However, Mueller’s most important discovery did not occur in one of these incredible places. On the contrary, the diver came across her discovery by chance while she was far from the usual holiday destinations…
Take free time
After teaching and working as a member of the Coast Guard for a decade, Brandi Mueller, 31, took a well-deserved vacation. Instead of visiting one of her favorite dive sites, she decided to return to a beautiful place she had only visited once before: The Marshall Islands. For those who do not know, the Marshall Islands are a long and thin strip of islands located approximately halfway between Hawaii and the Philippines.
The first days, Mueller did all the typical dives of the Marshall Islands. Then, she decided to leave with a friend to discover a new diving site she had heard about, about eight kilometers from the island of Roi-Namu, a site unknown to all except a few divers…
Where few people had dived before
If you have never been there, the Marshall Islands are of surreal beauty. In addition to this, they are home to some of the most incredible dive sites in the world, including several wrecks and reefs full of ocean life. It’s not surprising that Mueller loved diving into it!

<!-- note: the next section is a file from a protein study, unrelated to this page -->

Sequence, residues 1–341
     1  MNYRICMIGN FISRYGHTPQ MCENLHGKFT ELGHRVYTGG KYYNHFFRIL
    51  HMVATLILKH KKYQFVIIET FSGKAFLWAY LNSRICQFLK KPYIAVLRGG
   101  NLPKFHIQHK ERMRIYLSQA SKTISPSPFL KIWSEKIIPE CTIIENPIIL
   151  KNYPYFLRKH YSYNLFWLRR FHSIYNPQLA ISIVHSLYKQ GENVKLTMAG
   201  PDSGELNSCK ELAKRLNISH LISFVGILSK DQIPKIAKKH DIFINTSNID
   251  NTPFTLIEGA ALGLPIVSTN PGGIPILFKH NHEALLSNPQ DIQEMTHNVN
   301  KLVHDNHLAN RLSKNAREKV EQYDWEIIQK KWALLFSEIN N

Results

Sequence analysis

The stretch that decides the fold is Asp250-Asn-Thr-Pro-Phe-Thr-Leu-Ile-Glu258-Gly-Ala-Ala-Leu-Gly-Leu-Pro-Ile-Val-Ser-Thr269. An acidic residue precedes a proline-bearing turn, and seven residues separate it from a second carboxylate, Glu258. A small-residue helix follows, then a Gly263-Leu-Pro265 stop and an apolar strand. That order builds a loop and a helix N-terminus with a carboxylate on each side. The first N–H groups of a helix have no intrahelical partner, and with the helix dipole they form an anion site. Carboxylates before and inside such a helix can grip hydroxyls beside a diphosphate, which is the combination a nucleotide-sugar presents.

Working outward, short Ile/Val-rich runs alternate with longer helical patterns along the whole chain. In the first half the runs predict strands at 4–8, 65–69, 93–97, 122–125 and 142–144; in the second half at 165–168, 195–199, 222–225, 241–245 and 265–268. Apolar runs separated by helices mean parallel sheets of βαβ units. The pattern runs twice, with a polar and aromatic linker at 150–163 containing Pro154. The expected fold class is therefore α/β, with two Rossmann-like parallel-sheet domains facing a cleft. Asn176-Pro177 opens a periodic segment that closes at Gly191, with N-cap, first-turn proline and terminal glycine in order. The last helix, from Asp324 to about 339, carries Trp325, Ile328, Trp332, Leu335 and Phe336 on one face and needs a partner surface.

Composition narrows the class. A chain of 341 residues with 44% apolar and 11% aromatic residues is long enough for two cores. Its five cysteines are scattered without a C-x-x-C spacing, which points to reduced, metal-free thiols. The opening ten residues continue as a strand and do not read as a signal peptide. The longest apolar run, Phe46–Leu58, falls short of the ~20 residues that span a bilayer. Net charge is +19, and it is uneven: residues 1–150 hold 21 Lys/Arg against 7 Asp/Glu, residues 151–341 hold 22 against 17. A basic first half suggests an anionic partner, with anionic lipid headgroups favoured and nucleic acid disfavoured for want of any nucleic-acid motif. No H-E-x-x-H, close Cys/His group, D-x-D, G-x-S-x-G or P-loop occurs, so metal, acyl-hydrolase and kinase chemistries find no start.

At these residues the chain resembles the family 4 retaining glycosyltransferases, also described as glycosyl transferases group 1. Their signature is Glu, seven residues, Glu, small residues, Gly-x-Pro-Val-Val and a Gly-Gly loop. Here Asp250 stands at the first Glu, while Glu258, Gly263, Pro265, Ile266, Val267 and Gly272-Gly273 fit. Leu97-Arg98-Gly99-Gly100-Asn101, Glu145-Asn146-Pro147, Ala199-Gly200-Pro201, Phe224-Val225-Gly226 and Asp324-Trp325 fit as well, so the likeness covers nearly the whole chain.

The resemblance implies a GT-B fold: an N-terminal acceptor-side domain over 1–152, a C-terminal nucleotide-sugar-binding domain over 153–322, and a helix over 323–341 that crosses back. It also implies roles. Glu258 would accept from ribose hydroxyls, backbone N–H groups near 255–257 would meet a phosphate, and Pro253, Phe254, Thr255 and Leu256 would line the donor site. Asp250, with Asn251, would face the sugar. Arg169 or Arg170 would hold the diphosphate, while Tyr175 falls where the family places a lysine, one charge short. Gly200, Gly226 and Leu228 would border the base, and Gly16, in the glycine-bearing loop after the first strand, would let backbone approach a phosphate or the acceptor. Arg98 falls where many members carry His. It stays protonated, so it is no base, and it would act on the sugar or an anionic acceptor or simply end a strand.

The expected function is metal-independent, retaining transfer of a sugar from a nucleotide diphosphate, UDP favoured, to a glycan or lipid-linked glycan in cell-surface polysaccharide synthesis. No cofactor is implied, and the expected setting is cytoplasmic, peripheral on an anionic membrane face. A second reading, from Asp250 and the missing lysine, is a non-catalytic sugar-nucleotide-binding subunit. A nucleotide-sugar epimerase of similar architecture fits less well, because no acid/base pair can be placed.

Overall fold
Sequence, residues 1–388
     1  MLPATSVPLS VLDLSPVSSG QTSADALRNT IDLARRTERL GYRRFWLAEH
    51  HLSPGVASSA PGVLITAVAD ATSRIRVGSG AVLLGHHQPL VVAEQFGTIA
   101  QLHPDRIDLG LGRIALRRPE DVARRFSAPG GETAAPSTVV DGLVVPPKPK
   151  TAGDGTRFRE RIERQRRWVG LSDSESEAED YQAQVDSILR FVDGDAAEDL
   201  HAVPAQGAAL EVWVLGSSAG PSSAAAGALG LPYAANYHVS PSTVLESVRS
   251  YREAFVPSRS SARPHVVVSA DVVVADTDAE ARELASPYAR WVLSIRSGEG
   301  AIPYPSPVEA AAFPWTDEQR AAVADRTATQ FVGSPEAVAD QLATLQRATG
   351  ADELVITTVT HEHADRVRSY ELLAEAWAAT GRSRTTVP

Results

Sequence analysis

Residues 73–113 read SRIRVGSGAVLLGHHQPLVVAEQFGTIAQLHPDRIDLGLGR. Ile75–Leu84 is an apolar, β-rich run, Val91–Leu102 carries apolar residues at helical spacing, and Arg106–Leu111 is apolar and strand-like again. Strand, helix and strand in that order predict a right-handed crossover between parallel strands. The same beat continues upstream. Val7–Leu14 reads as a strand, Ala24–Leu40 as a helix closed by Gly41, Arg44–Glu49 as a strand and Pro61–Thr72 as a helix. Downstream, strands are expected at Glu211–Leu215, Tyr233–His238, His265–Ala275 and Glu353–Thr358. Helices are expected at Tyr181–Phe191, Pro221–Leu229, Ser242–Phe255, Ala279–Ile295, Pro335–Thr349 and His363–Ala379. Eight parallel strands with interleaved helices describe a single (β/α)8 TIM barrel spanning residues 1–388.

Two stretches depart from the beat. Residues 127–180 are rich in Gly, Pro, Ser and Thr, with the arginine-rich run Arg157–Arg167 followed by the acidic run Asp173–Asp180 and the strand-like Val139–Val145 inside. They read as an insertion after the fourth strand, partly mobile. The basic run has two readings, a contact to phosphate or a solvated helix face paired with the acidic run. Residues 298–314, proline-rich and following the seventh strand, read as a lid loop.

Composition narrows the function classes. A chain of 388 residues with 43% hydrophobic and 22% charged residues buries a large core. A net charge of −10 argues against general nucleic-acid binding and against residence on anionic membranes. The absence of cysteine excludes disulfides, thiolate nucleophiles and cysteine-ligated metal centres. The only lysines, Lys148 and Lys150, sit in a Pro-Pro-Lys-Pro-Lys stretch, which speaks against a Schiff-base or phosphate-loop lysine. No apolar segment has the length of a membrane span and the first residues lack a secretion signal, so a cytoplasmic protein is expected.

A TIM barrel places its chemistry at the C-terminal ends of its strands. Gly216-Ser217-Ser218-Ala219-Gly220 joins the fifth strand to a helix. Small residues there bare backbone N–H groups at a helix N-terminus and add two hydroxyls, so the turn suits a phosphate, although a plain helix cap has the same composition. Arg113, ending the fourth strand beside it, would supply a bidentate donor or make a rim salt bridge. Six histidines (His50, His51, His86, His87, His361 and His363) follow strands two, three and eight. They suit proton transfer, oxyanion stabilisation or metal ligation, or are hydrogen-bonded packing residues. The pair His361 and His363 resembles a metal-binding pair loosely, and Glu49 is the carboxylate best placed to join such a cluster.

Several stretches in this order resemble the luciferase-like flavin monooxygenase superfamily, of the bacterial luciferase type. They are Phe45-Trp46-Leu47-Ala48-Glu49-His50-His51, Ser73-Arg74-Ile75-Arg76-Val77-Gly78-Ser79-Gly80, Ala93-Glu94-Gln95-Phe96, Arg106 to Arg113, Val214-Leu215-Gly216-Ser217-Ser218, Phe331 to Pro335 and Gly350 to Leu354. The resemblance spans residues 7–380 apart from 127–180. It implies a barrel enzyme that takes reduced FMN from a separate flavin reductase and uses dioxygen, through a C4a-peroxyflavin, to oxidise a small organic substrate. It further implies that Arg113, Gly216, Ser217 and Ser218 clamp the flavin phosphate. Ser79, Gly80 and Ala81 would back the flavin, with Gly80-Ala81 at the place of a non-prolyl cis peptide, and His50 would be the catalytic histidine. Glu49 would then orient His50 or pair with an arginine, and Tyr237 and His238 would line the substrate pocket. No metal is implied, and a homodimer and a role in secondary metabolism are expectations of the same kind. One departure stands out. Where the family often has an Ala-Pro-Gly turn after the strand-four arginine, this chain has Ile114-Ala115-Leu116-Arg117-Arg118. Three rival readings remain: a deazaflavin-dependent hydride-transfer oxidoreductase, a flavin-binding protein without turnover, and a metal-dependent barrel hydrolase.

However, the site that Mueller was exploring the day in question had only been visited by a few divers before her. At first, everything happens normally. However, it was then that Mueller saw a strange and massive shape appear in the blue mist of the water below it…
Something in the depths
As you can imagine, when Mueller first spotted the massive forms under her, she couldn’t help but feel a shiver of fear and excitement. On the one hand, it could be the discovery she had always dreamed of! Of course, another part of Mueller couldn’t help thinking about horror films like Les Dents de la mer or Abysses. Nevertheless, convinced that she had found something, she swam closer.